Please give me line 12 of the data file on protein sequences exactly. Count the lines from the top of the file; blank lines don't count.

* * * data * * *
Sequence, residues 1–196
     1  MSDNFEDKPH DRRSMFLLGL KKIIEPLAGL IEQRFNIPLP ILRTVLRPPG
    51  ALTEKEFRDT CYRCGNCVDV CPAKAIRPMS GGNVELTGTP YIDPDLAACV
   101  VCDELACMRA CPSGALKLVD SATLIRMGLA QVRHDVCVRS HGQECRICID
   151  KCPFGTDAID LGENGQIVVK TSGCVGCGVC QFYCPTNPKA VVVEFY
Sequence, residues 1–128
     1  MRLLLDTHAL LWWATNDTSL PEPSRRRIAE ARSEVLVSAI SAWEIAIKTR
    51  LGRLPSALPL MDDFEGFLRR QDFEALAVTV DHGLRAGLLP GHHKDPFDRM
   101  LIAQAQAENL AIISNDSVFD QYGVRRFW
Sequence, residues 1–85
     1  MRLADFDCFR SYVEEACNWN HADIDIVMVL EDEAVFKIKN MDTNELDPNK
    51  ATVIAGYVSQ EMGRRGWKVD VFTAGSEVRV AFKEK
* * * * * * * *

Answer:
    51  ATVIAGYVSQ EMGRRGWKVD VFTAGSEVRV AFKEK